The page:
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More than thirty sites managed by Office of Public Works lying idle around the country

Ten sites purchased as part of the doomed decentralisation plan of 2003 remain in state hands more than a decade later.

THE OFFICE OF Public Works is sitting on more than thirty vacant sites around the country, some of which have remained idle for well over a decade.

The lands are made up of former customs posts, disused sites, and parcels of land purchased as part of the disastrous plan for decentralisation of government departments that was announced in 2003.

The OPW has five former customs posts along the border with Northern Ireland, two in Louth, and one each in Cavan, Monaghan, and Donegal.

Those are being kept while “alternative state use [is] being examined”. However, the minister responsible for the OPW Kevin Boxer Moran said they were not being retained as part of Brexit planning.

Minister Moran also told Noteworthy there would be a renewed focus on dealing with vacant properties and sites in the months to come.

He said the OPW would first be targeting empty garda stations with a particular focus on making them available for community use.

Mr Moran was responding to last week’s article on TheJournal.ie, which revealed that almost 100 OPW-managed buildings were lying idle around the country, some since the 1980s.

“A lot of people have been on to us about those vacant properties,” he said, “and we are going to go out again and look for other uses for them.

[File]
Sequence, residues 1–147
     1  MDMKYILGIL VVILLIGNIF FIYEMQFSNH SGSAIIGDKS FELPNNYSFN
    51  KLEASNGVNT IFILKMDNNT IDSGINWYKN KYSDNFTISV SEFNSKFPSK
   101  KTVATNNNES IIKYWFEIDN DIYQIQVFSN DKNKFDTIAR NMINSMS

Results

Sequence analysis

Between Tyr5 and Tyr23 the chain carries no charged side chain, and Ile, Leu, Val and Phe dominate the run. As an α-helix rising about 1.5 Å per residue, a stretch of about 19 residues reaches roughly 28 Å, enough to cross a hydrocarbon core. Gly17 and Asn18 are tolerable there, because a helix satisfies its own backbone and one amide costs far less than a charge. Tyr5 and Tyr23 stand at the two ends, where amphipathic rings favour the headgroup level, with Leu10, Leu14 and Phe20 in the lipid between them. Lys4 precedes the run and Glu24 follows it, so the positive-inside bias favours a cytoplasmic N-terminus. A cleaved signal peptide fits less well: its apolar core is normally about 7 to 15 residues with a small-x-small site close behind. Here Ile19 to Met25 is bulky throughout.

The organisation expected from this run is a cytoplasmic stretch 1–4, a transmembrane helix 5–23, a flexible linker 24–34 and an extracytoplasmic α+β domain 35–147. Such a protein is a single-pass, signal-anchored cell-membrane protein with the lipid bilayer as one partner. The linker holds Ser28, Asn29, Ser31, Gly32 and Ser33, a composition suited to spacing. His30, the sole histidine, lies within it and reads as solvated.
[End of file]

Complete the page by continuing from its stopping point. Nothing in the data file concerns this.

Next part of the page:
“I don’t like to read reports saying we leave property idle. It is not unusual for a country to have an amount of properties vacant and our numbers are quite low.

“I’ll be the first to admit I’m tired answering queries and parliamentary questions about empty buildings. I want to tackle garda stations first and we will try and find a use for them.”

He said the OPW would then look at other vacant buildings and sites, but said there were occasionally complications about why a property might be left sitting idle for an extended period of time.

The Vacant Sites

Records obtained by Noteworthy show how ten sites remain in state hands from the ill-fated decentralisaton plan, which was introduced by Finance Minister Charlie McCreevy in December 2003.

The doomed plan was vigorously opposed by civil servants and was described by the late Garret Fitzgerald as “seriously damaging to the national interest”.